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The role of androgens in fetal growth: observational study in two genetic models of disordered androgen signalling
  1. Harriet L Miles1,
  2. Sebastian Gidlöf2,
  3. Anna Nordenström2,
  4. Ken K Ong1,3,
  5. Ieuan A Hughes1
  1. 1Department of Paediatrics, University of Cambridge, Addenbrooke's Hospital, Cambridge, UK
  2. 2Division of Pediatrics, Department of Clinical Science, Intervention, and Technology, Karolinska Institutet, Stockholm, Sweden
  3. 3MRC Epidemiology Unit, Institute of Metabolic Science, Addenbrooke's Hospital, Cambridge, UK
  1. Correspondence to Professor Ieuan A Hughes, Department of Paediatrics, University of Cambridge, Box 116, Addenbrooke's Hospital, Hills Road, Cambridge CB2 0QQ, UK; iah1000{at}cam.ac.uk

Abstract

Objective To examine the role of androgens on birth weight in genetic models of altered androgen signalling.

Setting Cambridge Disorders of Sex Development (DSD) database and the Swedish national screening programme for congenital adrenal hyperplasia (CAH).

Patients (1) 29 girls with XY karyotype and mutation positive complete androgen insensitivity syndrome (CAIS); (2) 43 girls and 30 boys with genotype confirmed CAH.

Main outcome measures Birth weight, birth weight-for-gestational-age (birth weight standard deviation score (SDS)) calculated by comparison with national references.

Results Mean birth weight SDS in CAIS XY infants was higher than the reference for girls (mean, 95% CI: 0.4, 0.1 to 0.7; p=0.02) and was similar to the national reference for boys (0.1, −0.2 to 0.4). Birth weight SDS in CAH girls was similar to the national reference for girls (0.0, −0.2 to 0.2) and did not vary by severity of gene mutation. Birth weight SDS in CAH boys was also similar to the national reference for boys (0.2, −0.2 to 0.6).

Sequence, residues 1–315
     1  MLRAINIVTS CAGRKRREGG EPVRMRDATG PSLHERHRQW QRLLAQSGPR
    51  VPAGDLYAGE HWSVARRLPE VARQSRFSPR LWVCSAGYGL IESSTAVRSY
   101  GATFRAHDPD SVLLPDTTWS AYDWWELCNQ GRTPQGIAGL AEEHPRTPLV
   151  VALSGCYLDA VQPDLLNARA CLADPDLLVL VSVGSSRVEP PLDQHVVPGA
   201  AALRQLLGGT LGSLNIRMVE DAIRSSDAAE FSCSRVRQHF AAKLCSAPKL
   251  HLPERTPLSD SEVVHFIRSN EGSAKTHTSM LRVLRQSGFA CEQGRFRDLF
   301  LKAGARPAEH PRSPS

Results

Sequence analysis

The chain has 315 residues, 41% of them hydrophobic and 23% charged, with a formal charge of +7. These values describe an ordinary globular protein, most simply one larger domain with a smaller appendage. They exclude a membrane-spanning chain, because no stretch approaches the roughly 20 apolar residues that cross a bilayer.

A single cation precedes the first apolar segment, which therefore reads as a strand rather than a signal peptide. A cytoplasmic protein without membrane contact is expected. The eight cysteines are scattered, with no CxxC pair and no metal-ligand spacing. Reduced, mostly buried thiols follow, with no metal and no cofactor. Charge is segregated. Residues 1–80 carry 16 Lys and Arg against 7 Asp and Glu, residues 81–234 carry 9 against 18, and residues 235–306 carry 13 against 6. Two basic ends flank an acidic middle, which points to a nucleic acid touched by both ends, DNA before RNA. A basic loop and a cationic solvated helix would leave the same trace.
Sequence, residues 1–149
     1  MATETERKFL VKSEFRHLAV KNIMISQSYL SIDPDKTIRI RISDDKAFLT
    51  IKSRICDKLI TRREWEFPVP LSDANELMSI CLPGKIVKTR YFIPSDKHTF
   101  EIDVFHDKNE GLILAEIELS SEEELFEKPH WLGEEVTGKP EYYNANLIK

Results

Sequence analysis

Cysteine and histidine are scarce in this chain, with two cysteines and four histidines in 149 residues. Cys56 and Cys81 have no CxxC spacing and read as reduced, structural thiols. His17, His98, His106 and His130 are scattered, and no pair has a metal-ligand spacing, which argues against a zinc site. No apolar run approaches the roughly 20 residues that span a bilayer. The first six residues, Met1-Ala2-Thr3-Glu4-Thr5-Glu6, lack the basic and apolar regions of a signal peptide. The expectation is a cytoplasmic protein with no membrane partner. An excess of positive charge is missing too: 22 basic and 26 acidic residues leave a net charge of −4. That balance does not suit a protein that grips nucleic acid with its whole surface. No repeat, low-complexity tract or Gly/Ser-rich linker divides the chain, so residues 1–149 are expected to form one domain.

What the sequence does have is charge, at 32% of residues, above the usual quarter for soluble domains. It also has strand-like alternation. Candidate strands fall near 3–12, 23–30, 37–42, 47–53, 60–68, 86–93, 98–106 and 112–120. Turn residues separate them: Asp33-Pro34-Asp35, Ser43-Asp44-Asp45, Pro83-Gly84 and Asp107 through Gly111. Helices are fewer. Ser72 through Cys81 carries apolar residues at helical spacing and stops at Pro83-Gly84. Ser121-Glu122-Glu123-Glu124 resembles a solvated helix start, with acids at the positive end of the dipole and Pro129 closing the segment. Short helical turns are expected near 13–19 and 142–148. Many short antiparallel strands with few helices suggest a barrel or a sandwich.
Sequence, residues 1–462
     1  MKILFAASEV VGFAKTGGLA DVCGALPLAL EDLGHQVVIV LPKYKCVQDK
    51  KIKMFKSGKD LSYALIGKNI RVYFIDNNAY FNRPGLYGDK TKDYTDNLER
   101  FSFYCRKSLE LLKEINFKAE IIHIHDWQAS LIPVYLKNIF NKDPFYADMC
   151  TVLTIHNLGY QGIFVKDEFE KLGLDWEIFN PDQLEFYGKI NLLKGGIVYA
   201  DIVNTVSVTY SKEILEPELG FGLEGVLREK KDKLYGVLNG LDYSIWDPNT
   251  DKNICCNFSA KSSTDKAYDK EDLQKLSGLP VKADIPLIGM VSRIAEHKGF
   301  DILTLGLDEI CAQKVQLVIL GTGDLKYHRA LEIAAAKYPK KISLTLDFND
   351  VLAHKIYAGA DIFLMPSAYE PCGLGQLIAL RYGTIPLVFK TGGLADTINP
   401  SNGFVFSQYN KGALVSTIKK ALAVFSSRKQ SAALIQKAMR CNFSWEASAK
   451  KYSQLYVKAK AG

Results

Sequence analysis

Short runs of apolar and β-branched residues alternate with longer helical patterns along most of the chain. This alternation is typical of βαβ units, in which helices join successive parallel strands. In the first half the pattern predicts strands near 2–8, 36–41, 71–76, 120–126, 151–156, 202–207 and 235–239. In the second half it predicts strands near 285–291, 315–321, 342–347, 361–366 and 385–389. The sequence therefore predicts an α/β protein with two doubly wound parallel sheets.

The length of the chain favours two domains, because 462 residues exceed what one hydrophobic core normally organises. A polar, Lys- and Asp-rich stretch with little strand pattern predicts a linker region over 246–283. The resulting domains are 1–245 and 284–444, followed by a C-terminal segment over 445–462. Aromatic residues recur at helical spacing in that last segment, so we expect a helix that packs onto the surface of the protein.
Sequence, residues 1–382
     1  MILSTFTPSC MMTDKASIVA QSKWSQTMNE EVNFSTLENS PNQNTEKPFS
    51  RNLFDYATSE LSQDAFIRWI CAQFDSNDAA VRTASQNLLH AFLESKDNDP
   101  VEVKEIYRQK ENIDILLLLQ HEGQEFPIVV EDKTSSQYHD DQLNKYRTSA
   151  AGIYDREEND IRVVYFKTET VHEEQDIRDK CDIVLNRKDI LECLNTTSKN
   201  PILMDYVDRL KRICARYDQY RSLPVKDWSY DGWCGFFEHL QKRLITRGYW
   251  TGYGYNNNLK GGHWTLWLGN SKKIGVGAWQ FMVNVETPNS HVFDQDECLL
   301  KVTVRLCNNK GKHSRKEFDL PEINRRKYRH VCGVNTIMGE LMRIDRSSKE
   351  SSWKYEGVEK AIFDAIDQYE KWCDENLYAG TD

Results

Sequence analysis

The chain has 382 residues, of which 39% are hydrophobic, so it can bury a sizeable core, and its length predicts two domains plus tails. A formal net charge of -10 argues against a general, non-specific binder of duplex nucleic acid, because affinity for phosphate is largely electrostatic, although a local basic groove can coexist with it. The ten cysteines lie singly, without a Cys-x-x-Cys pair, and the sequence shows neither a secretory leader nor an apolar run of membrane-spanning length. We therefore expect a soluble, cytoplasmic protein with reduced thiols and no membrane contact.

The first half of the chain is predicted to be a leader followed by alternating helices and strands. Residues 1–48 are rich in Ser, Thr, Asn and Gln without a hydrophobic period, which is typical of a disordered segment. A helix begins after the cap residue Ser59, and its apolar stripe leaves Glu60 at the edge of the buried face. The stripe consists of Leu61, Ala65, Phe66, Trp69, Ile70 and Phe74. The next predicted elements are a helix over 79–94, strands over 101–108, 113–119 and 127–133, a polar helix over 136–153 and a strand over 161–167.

Conclusion CAIS XY infants have a birth weight distribution similar to normal male infants and birth weight is not increased in infants with CAH. Alterations in androgen signalling have little impact on birth weight. Sex dimorphism in birth size is unrelated to prenatal androgen exposure.

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Footnotes

  • Funding Support for the study was received from EC Framework 7, BDF Newlife, the Mothercare Foundation and the NIHR Biomedical Research Centre in Cambridge. The CAH work was supported by Sällskapet Barnavård, Stiftelsen Samariten, the Stiftelsen Frimurare Barnhuset and the Sven Jerring Foundation.

  • Competing interests None.

  • Ethics approval Ethics approval for this study was granted by Cambridgeshire Ethics 2 and the Karolinska ethics committee.

  • Provenance and peer review Not commissioned; externally peer reviewed.

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